Speaking of sewing, laminated cottons/fabrics can be a little tricky to work with. I wrote up a whole post full of tips to walk you through everything you need to know before you get started. You can find it on BERNINA USA’s blog:

I decided to line my little coats with a polar fleece lining to add a cozy factor to them. (My kids are all about cozy!). I picked up both colors from (They are so cheap, just 4.90 a yard!). The lining worked great, but I would add that polar fleece has some stretch to it, so I did have to take in some wedges to get the lining to match up to outer coat. I was nervous it was going to make the inside look a little wonky but you can’t even tell!

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So you guys, I think I found the solution to a major problem in my life. I have this 2 year old little boy who is obsessed with water. I took my kids to the zoo today, and both of them wore their new coats. My son of course found some water dripping from the roof and stood directly underneath it, while it dripped alllll over him. Usually this would be a big issue (he usually ends up sopping wet when we leave.. well… anywhere), but his coat kept him completely dry. So, I decided I should probably make all of his clothes out of laminated cotton/ waterproof fabric haha. Problem. Solved.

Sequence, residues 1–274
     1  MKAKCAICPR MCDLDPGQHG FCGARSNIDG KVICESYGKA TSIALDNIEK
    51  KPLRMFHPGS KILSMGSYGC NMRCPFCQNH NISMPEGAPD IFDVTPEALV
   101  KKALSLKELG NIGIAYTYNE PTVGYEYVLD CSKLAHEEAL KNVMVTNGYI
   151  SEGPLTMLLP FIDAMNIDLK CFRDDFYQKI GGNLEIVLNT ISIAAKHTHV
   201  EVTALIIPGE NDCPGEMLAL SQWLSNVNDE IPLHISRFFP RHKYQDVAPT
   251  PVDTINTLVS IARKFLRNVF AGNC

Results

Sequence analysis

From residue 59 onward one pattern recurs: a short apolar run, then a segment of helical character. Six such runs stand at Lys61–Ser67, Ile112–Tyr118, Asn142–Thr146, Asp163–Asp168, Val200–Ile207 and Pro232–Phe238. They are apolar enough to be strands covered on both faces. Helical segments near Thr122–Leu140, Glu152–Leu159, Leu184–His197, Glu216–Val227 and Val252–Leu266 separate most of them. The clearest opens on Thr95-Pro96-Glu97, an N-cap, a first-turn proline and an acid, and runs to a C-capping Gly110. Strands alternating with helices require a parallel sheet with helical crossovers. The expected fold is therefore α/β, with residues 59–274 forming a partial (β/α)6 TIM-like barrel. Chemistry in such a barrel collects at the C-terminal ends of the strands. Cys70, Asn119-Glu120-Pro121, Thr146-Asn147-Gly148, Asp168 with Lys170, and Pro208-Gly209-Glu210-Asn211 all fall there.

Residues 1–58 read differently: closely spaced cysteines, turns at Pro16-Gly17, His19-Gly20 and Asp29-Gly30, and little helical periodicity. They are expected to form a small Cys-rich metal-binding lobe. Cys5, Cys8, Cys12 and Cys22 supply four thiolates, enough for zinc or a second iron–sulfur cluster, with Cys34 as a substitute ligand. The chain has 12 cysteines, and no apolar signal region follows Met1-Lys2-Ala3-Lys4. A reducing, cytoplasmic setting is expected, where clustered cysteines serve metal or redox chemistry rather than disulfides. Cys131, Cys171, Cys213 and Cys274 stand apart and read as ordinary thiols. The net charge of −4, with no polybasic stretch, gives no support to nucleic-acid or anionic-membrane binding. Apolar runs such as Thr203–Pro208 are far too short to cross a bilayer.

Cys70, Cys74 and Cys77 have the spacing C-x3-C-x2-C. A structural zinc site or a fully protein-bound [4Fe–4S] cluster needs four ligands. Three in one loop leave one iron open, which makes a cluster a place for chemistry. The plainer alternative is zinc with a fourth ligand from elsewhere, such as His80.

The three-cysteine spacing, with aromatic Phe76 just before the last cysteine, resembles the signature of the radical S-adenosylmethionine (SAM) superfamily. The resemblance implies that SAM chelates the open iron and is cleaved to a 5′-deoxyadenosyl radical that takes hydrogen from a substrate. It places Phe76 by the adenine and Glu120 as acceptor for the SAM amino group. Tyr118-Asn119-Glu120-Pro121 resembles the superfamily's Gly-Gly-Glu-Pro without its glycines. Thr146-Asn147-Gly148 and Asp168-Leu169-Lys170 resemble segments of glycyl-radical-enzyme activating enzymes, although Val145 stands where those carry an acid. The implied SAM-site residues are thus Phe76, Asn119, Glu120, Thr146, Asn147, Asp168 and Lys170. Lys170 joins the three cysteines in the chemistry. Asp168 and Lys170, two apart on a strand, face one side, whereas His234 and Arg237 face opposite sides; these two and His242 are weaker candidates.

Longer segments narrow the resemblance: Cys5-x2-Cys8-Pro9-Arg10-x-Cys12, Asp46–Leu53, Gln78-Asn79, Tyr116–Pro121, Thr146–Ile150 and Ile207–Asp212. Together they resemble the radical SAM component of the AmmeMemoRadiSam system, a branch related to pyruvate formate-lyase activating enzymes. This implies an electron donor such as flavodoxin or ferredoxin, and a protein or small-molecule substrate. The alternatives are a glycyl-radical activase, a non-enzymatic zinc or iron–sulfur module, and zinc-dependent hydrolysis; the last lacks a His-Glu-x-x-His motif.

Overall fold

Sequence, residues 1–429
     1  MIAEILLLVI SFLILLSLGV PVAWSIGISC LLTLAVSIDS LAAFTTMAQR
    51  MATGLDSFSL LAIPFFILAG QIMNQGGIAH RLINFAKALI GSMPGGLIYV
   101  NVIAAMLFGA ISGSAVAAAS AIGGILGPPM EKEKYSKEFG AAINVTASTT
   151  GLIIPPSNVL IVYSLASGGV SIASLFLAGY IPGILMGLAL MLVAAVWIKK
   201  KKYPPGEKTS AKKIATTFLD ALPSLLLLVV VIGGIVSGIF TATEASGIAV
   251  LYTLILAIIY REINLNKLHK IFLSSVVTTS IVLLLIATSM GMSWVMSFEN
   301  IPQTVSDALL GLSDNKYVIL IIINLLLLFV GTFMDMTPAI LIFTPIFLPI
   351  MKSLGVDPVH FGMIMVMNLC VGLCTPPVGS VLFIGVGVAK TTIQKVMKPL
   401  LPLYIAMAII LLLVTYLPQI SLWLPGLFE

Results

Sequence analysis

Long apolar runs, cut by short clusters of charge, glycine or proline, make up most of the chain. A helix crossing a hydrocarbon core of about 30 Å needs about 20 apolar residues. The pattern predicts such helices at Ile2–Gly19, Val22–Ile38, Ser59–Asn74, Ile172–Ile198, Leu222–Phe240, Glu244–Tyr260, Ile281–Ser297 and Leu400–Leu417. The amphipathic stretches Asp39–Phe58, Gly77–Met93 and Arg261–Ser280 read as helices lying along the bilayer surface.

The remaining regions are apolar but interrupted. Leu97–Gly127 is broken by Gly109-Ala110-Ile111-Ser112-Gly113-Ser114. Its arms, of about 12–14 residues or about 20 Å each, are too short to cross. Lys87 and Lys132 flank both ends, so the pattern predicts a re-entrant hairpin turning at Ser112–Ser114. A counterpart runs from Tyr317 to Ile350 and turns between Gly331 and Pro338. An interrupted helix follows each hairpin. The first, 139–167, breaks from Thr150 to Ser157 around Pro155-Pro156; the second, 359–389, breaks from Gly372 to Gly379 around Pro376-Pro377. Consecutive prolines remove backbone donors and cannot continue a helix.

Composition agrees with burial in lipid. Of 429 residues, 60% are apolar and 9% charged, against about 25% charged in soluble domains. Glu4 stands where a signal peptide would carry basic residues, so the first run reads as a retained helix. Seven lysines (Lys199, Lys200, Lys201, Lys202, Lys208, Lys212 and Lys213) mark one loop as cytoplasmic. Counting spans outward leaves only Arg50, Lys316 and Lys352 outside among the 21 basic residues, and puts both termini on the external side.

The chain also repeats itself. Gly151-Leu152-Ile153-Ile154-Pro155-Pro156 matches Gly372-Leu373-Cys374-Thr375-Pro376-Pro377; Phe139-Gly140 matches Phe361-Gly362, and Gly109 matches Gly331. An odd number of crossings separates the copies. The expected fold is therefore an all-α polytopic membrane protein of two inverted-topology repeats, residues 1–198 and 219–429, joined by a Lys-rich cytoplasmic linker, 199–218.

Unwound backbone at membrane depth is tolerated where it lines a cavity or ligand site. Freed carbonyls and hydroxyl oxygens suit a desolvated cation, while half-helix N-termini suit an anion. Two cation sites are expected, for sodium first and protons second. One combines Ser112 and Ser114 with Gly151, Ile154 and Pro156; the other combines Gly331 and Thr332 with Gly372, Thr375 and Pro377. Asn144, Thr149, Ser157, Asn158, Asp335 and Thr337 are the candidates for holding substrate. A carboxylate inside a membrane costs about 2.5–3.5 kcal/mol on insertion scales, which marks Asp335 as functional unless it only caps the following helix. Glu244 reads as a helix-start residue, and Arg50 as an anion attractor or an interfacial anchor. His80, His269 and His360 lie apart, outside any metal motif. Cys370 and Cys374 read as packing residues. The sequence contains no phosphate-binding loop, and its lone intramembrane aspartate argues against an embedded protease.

At least he’s cute, right?

Sewing with laminated cottons 1200 x 1804 BERNINA weallsew blog

Thanks for reading along! This is such a cute pattern for kids, and perfect for spring weather! Now I just need one in my size. Happy sewing!

Front Yard Blog Hop



I am so excited about this post! Sandra Clemons of Make it Blossom invited me to be part of her blog hop for the release of her new fabric line ‘Front Yard’ with Michael Miller Fabrics. There are so many cute prints! I love the bright colors inspired by flowers and views from Sandra’s own front yard.



I don’t share a whole lot about my kids on my blog, and I’m excited to share a little more about them today. First of all, taking photos of my kids together is impossible. I envisioned a really sweet picture of them holding hands and smiling, but that did not happen. Also, I haven’t made anything for my little boy in a lonnng time, so I was super excited to finally sew something for him.